V. 31: No. 11-12 Nobember-December 2003 #366-367

Introduction, Praveen Jha, p. 1

"Neo-liberal Reform and Industrial Growth: Towards Revival or Ression?," C P Chandrasekhar, p. 3

"The Unorganised Sector in India: Some Issues Bearing on the Search for Alternatives," Kamal Nayan Kabra, p. 23

"Issues Relating to Emplyment in India in the Era of Globalisation," Praveen Jha, p. 47

"Health in the Age of Globalisation," Amit Sengupta, p. 66

"Technology, Self-reliance and Public Domain Science," Prabir Purkayastha, p. 86

p. 100-192 Neshat Quaiser's review of Biswamoy Pati, Situating Social History: Orissa 1800-1977, Oriental Longman, New Delhi, 2001, pp. 182, Rs. 380

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Introduction by Praveen Jha*

The developments in the Indian economy since the explicit adoption of a neo-liberal agenda in mid - 1991 by the Indian government have been quite alarming on several fronts, as has come to be acknowledged by a substantial segment of the economics profession. While acute distress afflicting substantial sections of the masses in rural India, largely a result of the deflation inherent in the neo-liberal economic policy, is one of the more visible outcomes, a variety of other damaging consequences organically linked to the ascendant policy regime, such as collapse of employment generation, sharpening inequalities of different kinds, increased vulnerability to external shocks, among others, have been all too evident in the recent times.

Not that such disturbing consequences should come as a surprise. Much of the neo-liberal reform was in any case based on specious theoretical and empirical grounds and the writing was there on the wall for those who cared to see. However, for a time the neo-liberal marketist fundamentalists seemed to succeed in persuading many of the legitimacy of their metaphysical claims by resorting to a blinkered discourse, in particular by focusing on some of the failures of the Nehruvian state-led development paradigm. Such a strategy was bound to lose steam on the way. Thus, even in the neo-liberal camp today, the mood is at best more of a guarded optimism as regards a whole range of macro economic indicators, compared to the wild euphoria of the early 1990s.

Of course, it is nobody's case that India's post-independence development strategy did not have serious flaws; on the contrary, the critics on the left were quick to see through the veil of the socialist rhetoric of the 1950s and '60s and highlighted major structural and other limits constraining the development potential of the system. For instance, the failure of the land reforms in most of rural India, the state's inability to discipline the dominant classes which ultimately impinged on its ability to mobilize resources for productive investment, among others, were identified as the important factors behind the nonrealization of many development promises made soon after independence. Thus, in a sense, debates on appropriate economic policies, or alternatives, consistent with the vision of a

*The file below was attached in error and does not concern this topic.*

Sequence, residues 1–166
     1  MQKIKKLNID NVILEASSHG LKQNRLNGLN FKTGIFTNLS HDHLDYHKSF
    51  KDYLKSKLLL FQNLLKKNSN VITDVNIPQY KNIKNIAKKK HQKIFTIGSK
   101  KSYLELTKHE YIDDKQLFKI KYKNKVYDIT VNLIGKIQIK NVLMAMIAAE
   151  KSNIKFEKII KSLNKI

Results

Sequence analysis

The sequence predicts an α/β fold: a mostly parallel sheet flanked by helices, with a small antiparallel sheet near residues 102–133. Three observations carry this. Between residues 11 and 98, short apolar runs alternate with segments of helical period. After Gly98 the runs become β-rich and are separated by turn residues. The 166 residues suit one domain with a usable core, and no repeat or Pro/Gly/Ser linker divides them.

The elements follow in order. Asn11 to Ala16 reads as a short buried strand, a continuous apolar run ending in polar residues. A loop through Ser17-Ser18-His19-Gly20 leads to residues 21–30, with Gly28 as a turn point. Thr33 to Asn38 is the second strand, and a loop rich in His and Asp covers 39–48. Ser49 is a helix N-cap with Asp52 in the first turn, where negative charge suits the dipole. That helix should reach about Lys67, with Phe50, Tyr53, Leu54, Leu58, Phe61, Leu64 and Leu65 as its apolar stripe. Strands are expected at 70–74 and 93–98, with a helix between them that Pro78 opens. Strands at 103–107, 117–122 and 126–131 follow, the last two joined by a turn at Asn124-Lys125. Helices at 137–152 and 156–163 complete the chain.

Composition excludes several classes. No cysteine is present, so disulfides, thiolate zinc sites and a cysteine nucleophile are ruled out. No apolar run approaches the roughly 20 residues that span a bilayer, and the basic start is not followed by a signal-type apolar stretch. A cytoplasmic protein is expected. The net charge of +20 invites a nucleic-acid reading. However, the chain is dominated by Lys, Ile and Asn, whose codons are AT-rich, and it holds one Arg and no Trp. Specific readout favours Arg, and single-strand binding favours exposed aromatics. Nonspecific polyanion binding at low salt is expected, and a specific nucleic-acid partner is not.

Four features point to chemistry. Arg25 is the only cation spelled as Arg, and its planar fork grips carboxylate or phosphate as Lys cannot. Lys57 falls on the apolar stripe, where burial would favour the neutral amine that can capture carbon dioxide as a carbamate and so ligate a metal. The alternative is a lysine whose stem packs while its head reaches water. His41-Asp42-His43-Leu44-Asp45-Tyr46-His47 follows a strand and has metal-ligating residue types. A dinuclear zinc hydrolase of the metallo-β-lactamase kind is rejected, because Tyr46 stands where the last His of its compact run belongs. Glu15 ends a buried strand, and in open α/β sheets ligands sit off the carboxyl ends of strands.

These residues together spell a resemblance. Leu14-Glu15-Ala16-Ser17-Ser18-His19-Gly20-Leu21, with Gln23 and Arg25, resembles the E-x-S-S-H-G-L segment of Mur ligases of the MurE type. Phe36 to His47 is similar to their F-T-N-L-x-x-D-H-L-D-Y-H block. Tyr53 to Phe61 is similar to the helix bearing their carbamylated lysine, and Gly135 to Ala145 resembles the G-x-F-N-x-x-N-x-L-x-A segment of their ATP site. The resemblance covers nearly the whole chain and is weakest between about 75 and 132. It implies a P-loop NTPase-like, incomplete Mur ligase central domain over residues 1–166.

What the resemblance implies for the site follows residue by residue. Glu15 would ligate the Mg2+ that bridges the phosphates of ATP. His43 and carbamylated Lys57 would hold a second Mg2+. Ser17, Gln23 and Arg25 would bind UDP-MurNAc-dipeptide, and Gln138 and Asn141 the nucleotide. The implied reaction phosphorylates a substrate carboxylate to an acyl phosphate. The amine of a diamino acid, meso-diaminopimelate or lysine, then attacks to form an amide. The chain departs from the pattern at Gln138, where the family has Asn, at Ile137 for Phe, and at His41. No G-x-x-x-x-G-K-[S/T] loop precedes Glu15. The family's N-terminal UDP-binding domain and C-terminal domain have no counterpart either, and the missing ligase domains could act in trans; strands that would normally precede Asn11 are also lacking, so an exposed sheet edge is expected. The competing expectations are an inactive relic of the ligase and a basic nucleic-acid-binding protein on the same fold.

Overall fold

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humane society, have been a marked feature right since the early days of independence. By any reckoning, such debates have been intellectually most stimulating and wide-ranging; unfortunately, it would appear that the blinkered and distorted discourse of the neo-liberals has tended to debase this rich tradition.

Professor D.R. Gadgil was among the most eminent economists to have contributed significantly to the debates of the highest quality that shaped independent India's economic policy almost upto early 1970s. Social Scientist and the Gadgil Birth Centenary Committee had jointly organized a seminar on "Alternatives before India in the Context of Globalization" on 14'", and 151 September 2002 to commemorate the contributions of this outstanding economist, to reiterate the progressive vision shared by him, and to explore the contours of such a vision at the current conjuncture. Close to twenty substantial presentations were made at this seminar, covering not only different, aspects of economic policy and a whole range of sectoral issues, but also thei es relating to media, culture, ideology etc. Of these, twelve were submitted to Social Scientist as revised papers. A brief introductory note on D.R. Gadgil and six substantive papers have appeared in the preceding two issues of Social Scientist and this issue.
[See September 2003 Introduction]

In sum, taken together, these papers, spanning over three issues of Social Scientist and covering a wide range of areas, provide a powerful critique of the neo-liberal prescriptions while also engaging with the question of viable alternatives and their underlying roadmaps. What we have are indepth analyses of the relevant issues, backed by a wealth of scholarship, which attempt to grapple with some of the most pressing issues confronting Indian economy and society and this brief note is not the place to summarise the contributions of the individual authors. Instead I would like to conclude by saying, with reference to the subject of viable alternatives, that the central issue is of an activist state that has the courage and commitment to chalk out its national economic policies with the provision of sustainable livelihoods to its population being high on the agenda. Sure enough, the issue is not the lack of viable alternatives; it is more about synergising the dispersed efforts to push the state towards s

Praveen Jha is at the Centre for Economic Studies and Planning, Jawaharlal Nehru University, New Delhi.

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